The decision was issued in response to a petition filed by human rights organization Yesh Din and archeology NGO Emek Shaveh, against the Israeli military government in the West Bank (the Civil Administration) and the staff officer of its Archeology Department, who are responsible for issuing licenses for archeological excavations in the occupied territory. The petitioners sought information that the military refused to provide as part of a freedom of information request, mainly the names of the archeologists, and where Israeli authorities store antiquities they uncover in the West Bank.

The main thrust of District Court Judge Yigal Marzel’s decision dealt with releasing the names of the archeologists. Judge Marzel recognized the importance of publishing their names, as is customary inside Israel, partly for reasons of transparency, but also because the findings of the excavations are often published academically — which requires publishing one’s name.

However, the State managed to convince Judge Marzel that the archeologists, who testified in an ex parte hearing (without the presence of the petitioners), that publishing their names would pose a real threat of academic boycott due to their work in the occupied territories under a license issued by the military regime.

The State claimed there is also a risk that the archeologists would be unable to publish in international academic journals, and that foreign academics would refuse to work with them in future research or refuse to invite them to conferences, thereby harming their professional careers.

Therefore, the court ruled, the personal risk to the archeologists and to the future of their research is enough to justify not publishing their names. Some of the archeologists did agree to their names being given to the petitioners, and they were.

The court also rejected the petitioners’ request for information about where Israel stores the uncovered antiquities. The State argued, again behind closed doors and without the presence of the petitioners, that the publication of that information would risk the theft of the antiquities, and that it could harm peace talks with the Palestinians.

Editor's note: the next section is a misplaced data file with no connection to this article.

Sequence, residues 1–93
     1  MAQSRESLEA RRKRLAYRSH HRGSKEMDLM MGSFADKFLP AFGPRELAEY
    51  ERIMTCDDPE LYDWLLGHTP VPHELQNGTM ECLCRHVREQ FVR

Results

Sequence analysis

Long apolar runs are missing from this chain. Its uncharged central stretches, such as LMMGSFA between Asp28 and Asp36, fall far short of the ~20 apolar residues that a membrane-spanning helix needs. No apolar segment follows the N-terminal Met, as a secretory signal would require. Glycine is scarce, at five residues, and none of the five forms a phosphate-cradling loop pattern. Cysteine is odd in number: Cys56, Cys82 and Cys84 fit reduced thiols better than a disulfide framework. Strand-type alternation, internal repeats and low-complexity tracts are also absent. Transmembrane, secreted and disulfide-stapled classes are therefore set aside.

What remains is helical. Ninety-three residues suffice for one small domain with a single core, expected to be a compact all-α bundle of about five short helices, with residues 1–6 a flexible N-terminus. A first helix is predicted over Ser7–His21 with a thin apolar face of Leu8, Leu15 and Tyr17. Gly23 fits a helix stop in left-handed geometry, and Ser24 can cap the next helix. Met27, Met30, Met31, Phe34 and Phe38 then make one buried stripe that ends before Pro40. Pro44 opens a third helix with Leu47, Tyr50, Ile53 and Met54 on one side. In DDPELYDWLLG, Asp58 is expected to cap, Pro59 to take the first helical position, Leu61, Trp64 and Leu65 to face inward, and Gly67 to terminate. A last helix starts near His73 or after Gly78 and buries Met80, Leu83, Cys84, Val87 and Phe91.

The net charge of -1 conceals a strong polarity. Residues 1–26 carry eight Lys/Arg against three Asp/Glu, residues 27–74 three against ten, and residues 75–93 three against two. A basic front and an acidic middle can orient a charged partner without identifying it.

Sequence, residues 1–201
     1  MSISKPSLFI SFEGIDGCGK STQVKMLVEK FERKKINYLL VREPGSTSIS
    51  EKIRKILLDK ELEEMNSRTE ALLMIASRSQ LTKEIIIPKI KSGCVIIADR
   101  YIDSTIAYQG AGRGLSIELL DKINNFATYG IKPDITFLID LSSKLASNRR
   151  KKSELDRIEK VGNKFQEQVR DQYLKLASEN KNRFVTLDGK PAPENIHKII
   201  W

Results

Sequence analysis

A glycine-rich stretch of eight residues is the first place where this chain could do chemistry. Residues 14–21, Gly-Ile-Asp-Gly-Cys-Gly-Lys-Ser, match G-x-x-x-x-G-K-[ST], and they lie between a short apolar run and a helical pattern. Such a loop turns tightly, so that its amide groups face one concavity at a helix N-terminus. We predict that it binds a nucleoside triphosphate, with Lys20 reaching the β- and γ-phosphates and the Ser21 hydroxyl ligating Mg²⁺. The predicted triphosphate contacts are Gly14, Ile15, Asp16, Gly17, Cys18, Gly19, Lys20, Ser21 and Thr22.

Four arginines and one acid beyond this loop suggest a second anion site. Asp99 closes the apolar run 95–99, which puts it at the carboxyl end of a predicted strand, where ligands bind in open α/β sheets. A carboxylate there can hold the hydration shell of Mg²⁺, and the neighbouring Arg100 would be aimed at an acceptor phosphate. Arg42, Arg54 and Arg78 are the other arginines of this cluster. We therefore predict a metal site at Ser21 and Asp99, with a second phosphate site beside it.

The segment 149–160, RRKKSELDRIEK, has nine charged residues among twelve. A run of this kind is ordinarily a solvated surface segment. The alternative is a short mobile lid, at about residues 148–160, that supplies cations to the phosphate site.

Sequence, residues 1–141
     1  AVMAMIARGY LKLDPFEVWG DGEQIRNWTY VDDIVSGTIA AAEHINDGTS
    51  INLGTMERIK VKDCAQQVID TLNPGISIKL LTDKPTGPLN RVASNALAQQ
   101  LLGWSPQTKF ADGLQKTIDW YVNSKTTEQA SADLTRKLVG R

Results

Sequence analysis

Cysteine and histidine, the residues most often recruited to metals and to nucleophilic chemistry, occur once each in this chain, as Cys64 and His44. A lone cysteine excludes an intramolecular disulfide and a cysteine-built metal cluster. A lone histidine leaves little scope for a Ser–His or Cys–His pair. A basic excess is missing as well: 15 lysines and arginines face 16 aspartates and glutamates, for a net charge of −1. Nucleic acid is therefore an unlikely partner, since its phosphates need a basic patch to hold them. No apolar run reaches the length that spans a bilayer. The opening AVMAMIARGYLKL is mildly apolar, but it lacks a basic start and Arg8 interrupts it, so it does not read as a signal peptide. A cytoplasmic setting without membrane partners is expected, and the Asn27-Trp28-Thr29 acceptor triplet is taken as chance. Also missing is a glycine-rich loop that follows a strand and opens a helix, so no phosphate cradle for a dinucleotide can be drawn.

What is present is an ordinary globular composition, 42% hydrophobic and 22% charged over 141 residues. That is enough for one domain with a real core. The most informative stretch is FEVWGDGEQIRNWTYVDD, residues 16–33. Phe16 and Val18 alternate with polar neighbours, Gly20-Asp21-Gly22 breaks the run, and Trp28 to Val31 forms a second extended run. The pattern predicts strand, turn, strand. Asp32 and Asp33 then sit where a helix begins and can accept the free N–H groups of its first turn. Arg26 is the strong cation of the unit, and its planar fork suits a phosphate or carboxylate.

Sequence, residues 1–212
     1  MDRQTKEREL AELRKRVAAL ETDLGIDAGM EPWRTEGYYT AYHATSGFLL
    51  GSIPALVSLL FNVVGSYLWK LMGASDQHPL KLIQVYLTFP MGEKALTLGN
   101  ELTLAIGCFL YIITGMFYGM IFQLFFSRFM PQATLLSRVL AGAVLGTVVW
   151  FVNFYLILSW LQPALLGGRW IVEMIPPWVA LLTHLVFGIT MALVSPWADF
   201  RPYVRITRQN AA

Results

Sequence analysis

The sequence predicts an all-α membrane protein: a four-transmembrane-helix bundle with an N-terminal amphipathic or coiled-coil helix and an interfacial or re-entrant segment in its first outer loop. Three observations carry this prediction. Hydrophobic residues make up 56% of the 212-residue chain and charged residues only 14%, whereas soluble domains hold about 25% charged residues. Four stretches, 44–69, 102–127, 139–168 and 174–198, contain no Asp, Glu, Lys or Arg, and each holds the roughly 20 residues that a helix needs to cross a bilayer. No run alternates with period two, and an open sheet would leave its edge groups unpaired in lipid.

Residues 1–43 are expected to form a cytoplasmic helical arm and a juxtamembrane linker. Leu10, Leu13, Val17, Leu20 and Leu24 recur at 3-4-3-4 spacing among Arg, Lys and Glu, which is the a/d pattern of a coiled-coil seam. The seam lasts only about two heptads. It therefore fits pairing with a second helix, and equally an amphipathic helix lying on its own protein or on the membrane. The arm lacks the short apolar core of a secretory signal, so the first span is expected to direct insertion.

The court did, however, grant some of the more marginal requests about details of excavations that have been completed. (The full decision can be read here, in Hebrew.)

In response to the decision, Yesh Din said in a statement:

The Israeli authorities’ fear of the boycott against archeologists in the West Bank and of harm to [the state’s] international relations […] is an admission that the state knows its hands are not clean, and must therefore conceal its archeological activities in the West Bank. It is unfortunate that the court chose to lend its hand to a policy of concealment and darkness, which denies the public its right to know and the ability to oversee and criticize.”

Emek Shaveh also responded:

More than anything, the court’s decision shows that archeology in the West Bank is treated as a military activity and not as academic research. The foundation of research is revealing the researcher’s name and publishing their findings. If it is permissible to conceal the names of archeologists in the West Bank and the public has no way of knowing where the archeological findings are located, the conclusion is that archeology in the West Bank is fundamentally political.

November 22, 2016
/ By /